What do recruiters have to look forward to this year and beyond? Plenty of changes! Here are the top trends driving talent acquisition for 2017.
1. New Candidates Will Trust Each Other More Than You
Here's a question: How do young adult consumers make purchasing decisions? What sources of information do they trust? If you've been keeping up on buying trends, you probably know the answer – they trust each other. They look to social media, and peer reviews, and testimonials, and simple word of mouth to make their decisions.
That means that, increasingly, candidates will make their application and job-acceptance decisions based on what their peers think about your company. Every business Facebook profile and online job board profile is reviewed – and these sorts of reviews are quickly becoming the most important factor in candidate decision-making. Yes, that means that other employees – including candidates that were rejected and employees were fired – are helping the best talent to make up their minds. What are you going to do about it?
The latest answer is called "candidate experience," and is borrowed almost directly from marketing tactics designed to deal with the same problem. In other words, you need to impress candidates from the beginning onward, and that includes candidates you turn away. This means hiring recruiters who make a great first impression, encouraging positive word of mouth, and generally recognize that the power is now with the candidates. Your online reputation matters!
2. Recruiters Will Use New Types of Data for Prediction
This is no surprise – recruiters often look for new data. But this year we are seeing more complex data analysis used not only to sift through applicant pools, but also to find the best places to recruit and the best channels to use for recruitment, in order to get the specific results wanted.
When done correctly, this yields targeted, effective recruiting results. HR puts in a position description, and using data analysis, recruiters are able to say, "We need to use this social media channel, and we're going to target this college, because that's where the highest level talent comes from."
However, the challenge will be doing this effectively. If analysis grows lazy or focuses on the wrong metrics, it will do more harm than good. There's also the always-present threat of bots and scammers finding ways to cheat purely data-driven approaches. Look carefully for best practices and proven methods in this area.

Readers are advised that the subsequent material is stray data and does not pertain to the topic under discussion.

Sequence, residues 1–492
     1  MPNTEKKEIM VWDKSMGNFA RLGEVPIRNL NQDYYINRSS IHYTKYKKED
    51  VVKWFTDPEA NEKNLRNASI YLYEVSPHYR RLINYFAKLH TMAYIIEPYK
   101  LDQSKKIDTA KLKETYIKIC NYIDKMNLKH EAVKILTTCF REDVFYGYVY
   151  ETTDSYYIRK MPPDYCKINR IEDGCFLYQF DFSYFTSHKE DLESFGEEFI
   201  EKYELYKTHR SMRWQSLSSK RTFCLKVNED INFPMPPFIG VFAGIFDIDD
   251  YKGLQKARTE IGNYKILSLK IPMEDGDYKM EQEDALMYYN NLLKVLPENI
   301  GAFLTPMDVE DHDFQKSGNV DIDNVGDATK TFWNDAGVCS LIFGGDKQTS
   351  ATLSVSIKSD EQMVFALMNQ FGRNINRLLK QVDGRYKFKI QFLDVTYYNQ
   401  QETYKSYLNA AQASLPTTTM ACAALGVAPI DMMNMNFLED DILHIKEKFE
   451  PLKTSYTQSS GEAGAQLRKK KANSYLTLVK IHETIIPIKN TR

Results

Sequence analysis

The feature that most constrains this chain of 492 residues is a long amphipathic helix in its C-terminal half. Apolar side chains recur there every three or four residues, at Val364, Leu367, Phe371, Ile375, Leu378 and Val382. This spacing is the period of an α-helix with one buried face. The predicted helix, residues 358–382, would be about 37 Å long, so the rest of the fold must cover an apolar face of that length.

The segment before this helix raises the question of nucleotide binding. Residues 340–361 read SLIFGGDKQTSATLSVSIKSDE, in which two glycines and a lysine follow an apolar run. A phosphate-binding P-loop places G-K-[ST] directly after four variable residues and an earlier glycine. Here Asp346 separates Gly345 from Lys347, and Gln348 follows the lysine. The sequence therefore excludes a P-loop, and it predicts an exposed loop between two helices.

3. AI Programming Will Encourage More Humanity
We're already seeing a lot of AI use for basic tasks (Amazon's Alexa, Cortana, Google Now, Siri, etc.), but increasingly these types of AI programs are saving time and providing automatic scheduling procedures. The question is: What will recruiters do with their new time savings?
The proper answer is, "Spend more time with candidates." Few things impress top talent like the human touch – spending real time answering real questions. The more that recruiters are freed up to do just that, the more effective recruitment strategies can become. The problem is service creep, where employees don't even recognize they have more time and productivity doesn't increase despite more efficient technologies. This requires clear direction on how new services can save time, and what should be done with that new time.
4. Talent Acquisition Will Get Less Independent
Take a quick look over our first three points. Marketing, data, IT...as you can see, our predictions for the future of recruiting involve a whole lot of other departments. And when multiple departments get involved, that means decision making usually gets bumped up a few levels. That's right, talent acquisition will less of an independent part of HR and more a part of overall company strategy.
On one hand, aligning hiring decisions to overall company strategy is important and can be very helpful. On the other hand, the last thing that experienced recruiters want is to be told what to do by upper management that doesn't have a clue. Recruiters should prepare for more frequent communication and start focusing more on data-based evidence and the ROI of their projects. It's all right – marketing went through this same difficulty a couple years ago. It's not always easy or productive, but departments can make it through.
5. Job Descriptions Will Grow More Holistic
Okay, what do we mean by holistic? Essentially, past job descriptions were almost entirely focused on skills and experience (with some educational requirements often thrown in, too). But we can expect a different kind of job description in the future, one that's already on the rise. These job descriptions include not only skills but also requires for personality, social habits (favored apps do tend to vary by department, interestingly), passions, interests outside of work, and much more. The goal is not only to create a more complete idea of a perfect candidate, but also to help identify the right age groups for a positions in an oblique way – Generation X Millennials, iGens, and so on.
As you can imagine, HR is still grappling with this idea of "candidate personas," as they're sometimes called. For larger corporations in particular, job descriptions are so carefully coded that the era of holistic descriptions doesn't even make sense. There are also strict legal requirements to avoid problems with discrimination issues. However, recruits generally like these new holistic descriptions, so we can expect them to grow more common over time.